New York Times Bestselling Author

Last to Die (Swyteck No. 3)

Last to Die (Swyteck No. 3)

"An intricate and engrossing tale... The third and best in the Skyteck series."
- Orlando Sentinel

In an exciting new series that critics have called "John Grisham meets Robert Ludlum," Miami criminal defense lawyer Jack Swyteck faces his biggest challenge yet. 

Tatum Knight is a former contract killer. Ruthless. Conniving. And he's Jack's newest client. Tatum is the older brother of Jack's best friend, Theo. Theo himself spent time on death row until Jack found the evidence to prove him innocent. Jack isn't so sure about Tatum. 

A gorgeous young woman has been shot dead in her Mercedes on a Miami street. Tatum denies that he had anything to do with it, but he admits to Jack that he did meet with her in Theo's bar, where she tried to hire him. 

Sally Fenning was worth forty-eight million dollars when she died. Money had never made her happy, so she left it all to her enemies -- left it for them to fight over, that is. She named six heirs in her will, but there's a catch: No one gets a penny until all but one of the heirs are dead. It's survival of the greediest. 

Quickly the lawyers gear up for a bitter legal battle, but Jack braces himself for much worse. He alone knows that heir number six -- Tatum Knight -- is a professional killer. As the heirs begin to fall, Jack and his unforgettable sidekick, Theo, are in a race against time to discover if Tatum is behind all the killing. Or is someone even more frightening, more dangerous, the odds-on favorite to be the last to die? 

From the harrowing first scene through its shocking climax, Last to Diedelivers nonstop action and chilling suspense that fans around the world have come to expect from bestselling author James Grippando.

Critical Praise

"Grippando, whose best thrillers have been full of imagination and out-of-left-field surprises, looks like he's found a winner in the Swyteck series."
- Booklist 

"A wild will turns its legatees into clay pigeons in Miami lawyer Jack Swyteck's latest outing. . . . Turbo-charged pacing."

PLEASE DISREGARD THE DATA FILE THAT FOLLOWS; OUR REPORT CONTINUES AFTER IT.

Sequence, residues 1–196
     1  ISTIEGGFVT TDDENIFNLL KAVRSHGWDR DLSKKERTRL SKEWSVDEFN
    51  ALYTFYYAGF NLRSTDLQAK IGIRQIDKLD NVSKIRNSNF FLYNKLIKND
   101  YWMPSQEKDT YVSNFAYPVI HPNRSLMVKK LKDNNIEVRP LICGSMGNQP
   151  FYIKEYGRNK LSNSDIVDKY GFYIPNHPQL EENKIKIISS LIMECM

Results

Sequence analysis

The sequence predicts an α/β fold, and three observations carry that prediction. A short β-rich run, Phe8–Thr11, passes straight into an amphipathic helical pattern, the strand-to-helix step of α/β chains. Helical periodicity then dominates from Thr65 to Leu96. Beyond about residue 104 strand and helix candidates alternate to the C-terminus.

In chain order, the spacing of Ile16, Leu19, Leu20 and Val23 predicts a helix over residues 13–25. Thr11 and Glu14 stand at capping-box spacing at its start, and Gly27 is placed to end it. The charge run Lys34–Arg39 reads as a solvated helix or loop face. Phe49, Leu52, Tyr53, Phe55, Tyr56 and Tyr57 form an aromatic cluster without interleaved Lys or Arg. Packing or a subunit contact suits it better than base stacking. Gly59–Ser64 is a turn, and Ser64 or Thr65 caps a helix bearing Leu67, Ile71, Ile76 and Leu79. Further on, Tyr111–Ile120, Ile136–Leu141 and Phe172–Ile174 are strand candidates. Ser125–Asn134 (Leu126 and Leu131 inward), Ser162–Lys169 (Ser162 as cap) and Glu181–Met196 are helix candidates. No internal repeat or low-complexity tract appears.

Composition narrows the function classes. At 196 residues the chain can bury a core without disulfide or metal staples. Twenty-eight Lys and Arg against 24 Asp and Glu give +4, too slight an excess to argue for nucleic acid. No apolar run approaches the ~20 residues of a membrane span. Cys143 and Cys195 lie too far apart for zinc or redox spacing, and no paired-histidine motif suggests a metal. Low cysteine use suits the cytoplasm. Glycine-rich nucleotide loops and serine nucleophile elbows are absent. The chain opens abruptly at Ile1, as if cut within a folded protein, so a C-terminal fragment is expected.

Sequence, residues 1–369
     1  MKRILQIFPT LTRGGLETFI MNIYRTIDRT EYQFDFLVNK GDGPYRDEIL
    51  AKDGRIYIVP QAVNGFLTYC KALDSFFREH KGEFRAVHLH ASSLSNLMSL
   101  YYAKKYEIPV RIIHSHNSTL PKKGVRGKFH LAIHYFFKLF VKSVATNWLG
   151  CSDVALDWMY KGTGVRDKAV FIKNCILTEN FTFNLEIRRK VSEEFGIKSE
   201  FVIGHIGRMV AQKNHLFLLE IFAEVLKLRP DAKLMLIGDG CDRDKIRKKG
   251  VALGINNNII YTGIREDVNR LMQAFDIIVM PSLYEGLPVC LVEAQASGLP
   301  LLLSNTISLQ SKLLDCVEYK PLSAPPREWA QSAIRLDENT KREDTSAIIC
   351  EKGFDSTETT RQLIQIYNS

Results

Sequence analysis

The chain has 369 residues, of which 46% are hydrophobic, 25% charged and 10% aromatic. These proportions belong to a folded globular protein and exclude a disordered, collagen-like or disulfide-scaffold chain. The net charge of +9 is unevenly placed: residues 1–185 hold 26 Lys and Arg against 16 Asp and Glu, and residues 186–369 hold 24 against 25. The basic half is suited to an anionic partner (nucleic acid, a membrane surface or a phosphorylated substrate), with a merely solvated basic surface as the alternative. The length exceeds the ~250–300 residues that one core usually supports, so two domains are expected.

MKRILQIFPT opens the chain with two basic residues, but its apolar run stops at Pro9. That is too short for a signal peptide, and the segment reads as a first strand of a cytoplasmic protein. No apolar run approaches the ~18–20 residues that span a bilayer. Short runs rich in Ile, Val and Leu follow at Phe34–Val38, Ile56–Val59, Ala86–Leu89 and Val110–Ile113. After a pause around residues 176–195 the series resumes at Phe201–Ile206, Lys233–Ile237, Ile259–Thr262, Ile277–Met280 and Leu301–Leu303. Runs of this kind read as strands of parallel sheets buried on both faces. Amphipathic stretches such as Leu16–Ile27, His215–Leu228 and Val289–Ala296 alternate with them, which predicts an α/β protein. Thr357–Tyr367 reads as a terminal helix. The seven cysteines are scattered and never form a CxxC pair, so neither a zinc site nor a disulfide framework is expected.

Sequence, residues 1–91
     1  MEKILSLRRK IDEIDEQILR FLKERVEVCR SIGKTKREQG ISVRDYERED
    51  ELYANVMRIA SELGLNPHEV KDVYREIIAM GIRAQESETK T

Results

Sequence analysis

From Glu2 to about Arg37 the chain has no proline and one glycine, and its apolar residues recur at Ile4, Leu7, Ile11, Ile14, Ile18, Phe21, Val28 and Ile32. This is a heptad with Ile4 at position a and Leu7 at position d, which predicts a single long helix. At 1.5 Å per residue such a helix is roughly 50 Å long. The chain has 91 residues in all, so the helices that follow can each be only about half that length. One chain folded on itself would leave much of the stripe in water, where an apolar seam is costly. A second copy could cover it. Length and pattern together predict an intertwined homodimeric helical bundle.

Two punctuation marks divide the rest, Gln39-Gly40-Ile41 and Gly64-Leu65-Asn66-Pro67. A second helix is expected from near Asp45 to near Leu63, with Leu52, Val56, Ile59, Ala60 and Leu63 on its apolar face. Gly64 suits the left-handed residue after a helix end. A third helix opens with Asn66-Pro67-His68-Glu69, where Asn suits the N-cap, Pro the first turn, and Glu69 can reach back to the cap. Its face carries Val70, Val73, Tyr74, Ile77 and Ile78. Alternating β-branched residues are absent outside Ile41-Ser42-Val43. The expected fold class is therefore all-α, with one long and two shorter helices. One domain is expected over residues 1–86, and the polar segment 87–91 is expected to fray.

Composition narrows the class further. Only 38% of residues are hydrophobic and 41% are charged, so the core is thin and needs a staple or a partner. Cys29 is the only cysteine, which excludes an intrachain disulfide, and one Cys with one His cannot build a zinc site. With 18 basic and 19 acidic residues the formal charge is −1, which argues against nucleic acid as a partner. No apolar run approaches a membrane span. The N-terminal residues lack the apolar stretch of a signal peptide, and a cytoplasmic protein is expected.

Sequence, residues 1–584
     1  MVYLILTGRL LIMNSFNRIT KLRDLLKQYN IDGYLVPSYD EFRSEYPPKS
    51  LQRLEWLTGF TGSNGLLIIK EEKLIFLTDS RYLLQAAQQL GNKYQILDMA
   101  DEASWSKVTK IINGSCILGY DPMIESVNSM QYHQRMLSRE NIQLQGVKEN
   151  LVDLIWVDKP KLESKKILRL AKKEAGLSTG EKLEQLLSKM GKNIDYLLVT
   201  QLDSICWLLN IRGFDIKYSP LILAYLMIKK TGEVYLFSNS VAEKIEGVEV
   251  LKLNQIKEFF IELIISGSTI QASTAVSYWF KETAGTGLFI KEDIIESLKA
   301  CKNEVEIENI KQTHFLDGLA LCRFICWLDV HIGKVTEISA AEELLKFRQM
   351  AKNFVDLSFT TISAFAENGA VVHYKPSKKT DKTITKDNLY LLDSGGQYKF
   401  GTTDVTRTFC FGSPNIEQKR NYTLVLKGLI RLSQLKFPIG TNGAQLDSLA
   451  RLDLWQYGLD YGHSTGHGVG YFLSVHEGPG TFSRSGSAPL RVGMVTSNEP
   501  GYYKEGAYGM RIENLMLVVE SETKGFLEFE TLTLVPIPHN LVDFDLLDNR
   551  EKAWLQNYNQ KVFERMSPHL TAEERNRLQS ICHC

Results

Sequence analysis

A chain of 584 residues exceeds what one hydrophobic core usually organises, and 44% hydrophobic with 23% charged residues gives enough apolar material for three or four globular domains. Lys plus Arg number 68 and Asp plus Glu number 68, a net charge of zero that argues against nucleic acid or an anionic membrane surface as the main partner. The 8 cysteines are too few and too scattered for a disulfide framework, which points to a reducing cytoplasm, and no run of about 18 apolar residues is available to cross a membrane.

- Kirkus Reviews

"Tantalizing premise . . . enjoyable . . . lives up to its promise as a $46-million game of survival."
- Publishers Weekly

"Grippando's style keeps the story moving."
- Library Journal

"Machine-gun pacing."
- Chicago Sun-Times

"A unique, timely thriller that moves briskly and has a cast of strong characters."
- Fort Lauderdale Sun-Sentinel

"Grippando has a deft and clever hand with dialogue. . . .Moves along quickly. . . .We want more."
- Miami Herald

"The fun is in watching it unfold. And don't be too sure that you've figured it out until you get to the final pages."
- St. Petersburg Times

"An action-paced thriller."
- Amazon.com

"Another summer winner--an intricate, engrossing tale of a murder-for-hire....rewards the readers with more than just a regular whodunit."
- Milwaukee Journal Sentinel

"Grippando's writing is crisp, his characters sympathetic and well drawn."
- San Antonio Express-News

"A great book . . . this is summer reading at its most satisfying."
- Clarion-Ledger (Jackson, MS)

BEHIND THE BOOK ...

"Last to Die" and the Not so Sweet Side of Chocolate

Are you a chocolate lover? Me too. So imagine my dismay upon learning that literally tons and tons of the chocolate products we eat every day in this country are made from cocoa beans that were harvested by child slaves. 

At the time I began my research for Last to Die, studies by the United Nations and State Department confirmed that approximately fifteen thousand children, aged nine to twelve, had been sold into forced labor on cotton, coffee, and cocoa plantations in Côte d'Ivoire. The situation was only predicted to get worse, as prices for cocoa continued to fall, and almost half of the world's cocoa came from the very region that had stooped to child labor to boost profitability.